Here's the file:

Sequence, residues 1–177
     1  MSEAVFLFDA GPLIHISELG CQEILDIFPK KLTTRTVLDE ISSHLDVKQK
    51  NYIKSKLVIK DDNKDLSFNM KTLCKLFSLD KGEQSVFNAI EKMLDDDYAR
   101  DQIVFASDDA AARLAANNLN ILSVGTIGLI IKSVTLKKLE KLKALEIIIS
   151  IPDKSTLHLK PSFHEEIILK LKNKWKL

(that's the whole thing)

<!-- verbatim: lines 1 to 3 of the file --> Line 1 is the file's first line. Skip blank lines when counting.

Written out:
Sequence, residues 1–177
     1  MSEAVFLFDA GPLIHISELG CQEILDIFPK KLTTRTVLDE ISSHLDVKQK
    51  NYIKSKLVIK DDNKDLSFNM KTLCKLFSLD KGEQSVFNAI EKMLDDDYAR